I’ve shared about my own battle before, and how I eventually fought back with the big stick of surgery.  This, of course, is not the road I hope he travels.  I’ve searched and scoured for books and articles, hoping for something that I think will motivate and inform without being condemning or talking above his head.

And I’ve struggled with how to even bring it up.

It’s not like it’s a secret.  He’s expressed his own earnest desires to slim down and even came up with an idea or two, but other things encroach and the steam evaporates.  I tell him how I’ve been there a thousand times and we’ll keep looking for a plan that will stick.

Today, at the library, my wife came across fifteen-year-old Tiger Greene’s book Sacking Obesity: The Team Tiger Game Plan for Kids Who Want to Lose Weight, Feel Great, and Win on and off the Playing Field.  Of course, my skepticism set in.  The kid probably had a bunch of free support from this or that organization underwriting his efforts, or wealthy parents who paid for the best doctors and the priciest foods and the latest snazzy exercise equipment.  I can’t do that.  I’m not about publicity stunts or telling others they can do with so little what you did with the help of a benevolent universe.

I’m an idiot like that.

Turns out, the kid has a heart of gold.  I’ve read most of it already.  The parts that matter anyway, where he writes honestly about his own weight and how he tried to be like that guy from Man v. Food and how weight isn’t easy to lose when those that are meant to provide for our needs fail us.

That part hurt.

Yet he never blames others.  And, at the age of twelve, he made a plan and made it work and tells kids – and their families, with the help of some expert, practical advice – that they can do it too.  He seems like the kind of kid you’d want to have over for a game of touch football and carrot sticks.  Carrot sticks that taste so freaking awesome they’ll make you forget the cheesesteak you thought you wanted.

Sure, he got some help.  But he pays it forward in a way that doesn’t belittle you because you don’t have the advantages he had.  Not really advantages.  Just people who came alongside and gave him exactly what he needed.  Ethan will get this kid.  He’ll read this and get fired up and make a plan and some changes and things will get better.  I sense that he feels it’s time, and I plan to be there when the light bulbs click on.

And yet, I guess I fear that I’ll quit on him.

Like I’ve done time and time before.  Not give up on him.  Or his dreams and plans and successes.  Even through the failures, I will never give up on him.  But I fear that I won’t always be the model that he needs.  He’ll forgive my shortcomings and sidesteps, I’m certain.  But will he lose heart?

Will he fail if I continue to fail him?

Or will this be the time, the beginning of a long string of times, when I don’t?  Choose not to?  Buck up and be what he needs?  Will I press on this time?

FTW . . .

2012-05-16 17.21.05


Ethan read this before I hit “Publish.”  And we had a nice, long talk.  We’ve agreed to read the book together.  Let the journey begin . . .  

the only thing he would regret leaving was the sky

Ty & Ronald

I wrote about him in my first “official” blog post back in February of 2008.

Way back when the road seemed it would go on forever just as it ever had.  Sure, they’ll grow up, I told myself.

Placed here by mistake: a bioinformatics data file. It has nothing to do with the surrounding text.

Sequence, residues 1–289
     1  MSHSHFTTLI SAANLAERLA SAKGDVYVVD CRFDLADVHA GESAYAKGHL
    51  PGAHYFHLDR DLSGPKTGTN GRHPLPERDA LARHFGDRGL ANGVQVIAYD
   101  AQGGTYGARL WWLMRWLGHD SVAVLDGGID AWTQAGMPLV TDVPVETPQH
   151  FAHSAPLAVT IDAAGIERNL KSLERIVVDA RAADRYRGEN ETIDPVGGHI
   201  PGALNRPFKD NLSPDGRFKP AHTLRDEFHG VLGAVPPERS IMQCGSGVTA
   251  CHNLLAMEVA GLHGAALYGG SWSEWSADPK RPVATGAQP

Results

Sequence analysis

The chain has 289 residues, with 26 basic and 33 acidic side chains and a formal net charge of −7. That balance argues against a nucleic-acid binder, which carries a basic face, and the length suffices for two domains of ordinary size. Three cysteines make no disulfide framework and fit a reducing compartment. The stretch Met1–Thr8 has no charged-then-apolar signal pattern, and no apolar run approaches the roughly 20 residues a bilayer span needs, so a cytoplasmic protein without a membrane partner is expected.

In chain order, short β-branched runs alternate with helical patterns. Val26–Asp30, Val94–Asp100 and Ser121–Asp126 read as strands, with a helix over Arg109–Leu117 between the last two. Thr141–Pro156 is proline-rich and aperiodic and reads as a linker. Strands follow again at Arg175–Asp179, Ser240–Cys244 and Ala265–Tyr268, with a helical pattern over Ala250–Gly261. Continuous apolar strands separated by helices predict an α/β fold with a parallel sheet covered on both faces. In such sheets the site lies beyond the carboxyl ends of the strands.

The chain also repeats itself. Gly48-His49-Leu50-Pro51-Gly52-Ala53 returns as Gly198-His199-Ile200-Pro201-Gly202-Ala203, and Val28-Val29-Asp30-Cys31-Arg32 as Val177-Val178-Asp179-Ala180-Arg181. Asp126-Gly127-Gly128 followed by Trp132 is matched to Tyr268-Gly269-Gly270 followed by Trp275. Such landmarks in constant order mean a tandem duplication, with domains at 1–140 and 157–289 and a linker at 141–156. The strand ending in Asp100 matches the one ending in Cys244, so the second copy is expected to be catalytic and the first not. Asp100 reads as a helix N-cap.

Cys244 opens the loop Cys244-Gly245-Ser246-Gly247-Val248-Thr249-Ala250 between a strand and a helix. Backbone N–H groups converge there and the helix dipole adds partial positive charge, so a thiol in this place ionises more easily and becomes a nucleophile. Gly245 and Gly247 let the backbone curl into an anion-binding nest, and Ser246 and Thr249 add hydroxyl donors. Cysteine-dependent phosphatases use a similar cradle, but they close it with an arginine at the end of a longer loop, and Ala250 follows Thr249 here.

Tomorrow will be the day before the day his mom and I move him into the dorms.  Just across town, his bedroom door less than a couple miles from where I help make the ice cream.  He will have three roommates he has never met before.  They are friends from the same hometown high school.  He shrugs it off but admits he is not thrilled with the possibility that he will be the awkward fourth wheel.  Or maybe not noticed at all.   

No meal plan so he will be pigging on Ramen noodles.  Twizzlers.  Pancakes when I can sneak over and whip some up for him.  And McDonald’s when he can get a ride. 

2012-05-19 19.15.05 They have dated since the second week of freshman year.  He knew her twin brother but had never met her.  They DDR’d into the wee hours and never looked back. 

She is my other daughter, an effervescent, hope-filled toothy grin and a welcome addition to our family for these past nearly four years.  The one that calls at one in the morning because she is a night person.  That took some getting used to.  They learned to text together.  To hold hands at twilight and just sit and listen.  She is My Little Pony to his Lord of the Rings.  Twister to his Dungeons & Dragons. 

And she is going to school in Michigan.  There is a long dotted line between here and there. 

He is taking a communications class, some literary criticism, some statistics, a couple other I cannot recall, and a philosophy class for which I pulled some strings to get him registered.  The professor is an old friend and he will make my son think.  And I know he will be impressed.

I am. 

Every day.

I have given him what I can.  It is a far cry short, materially.  But maybe that stuff will not matter so much.  Despite my inclinations, I believe he means it when he says I have given him enough. 

At least he looks snazzy . . .

2012-05-19 19.04.27

Would you do me a favor?  You continue to come here and read my stuff because you care.  I know you do.  And you’re also smart.  You’ve been there, either as a student yourself or as a parent.  Perhaps you’ve even had to shove one out of the nest yourself. 

I’d like this post to be a place where he can come again and again and receive encouragement.  To read, and feel in his heart, the love and respect of others.  So would you take a few moments and leave a comment?  Some words that have guided you, or that you’ve passed on to others heading off down a new, open road. 

Thank you . . .

From Here . . .

So, I got to talking to Neil yesterday.  Saw his name, with the little green circle beside it, so I posed a question.  Thus began a most interesting give and take, bits of wisdom strewn about like so much confetti after the big parade, and yet not really like that at all, for it all had a point, made sense, wasn’t just tossed out there to be blown about by the winds and whims of chance.

  • I’m trying to think about how I “perceive you”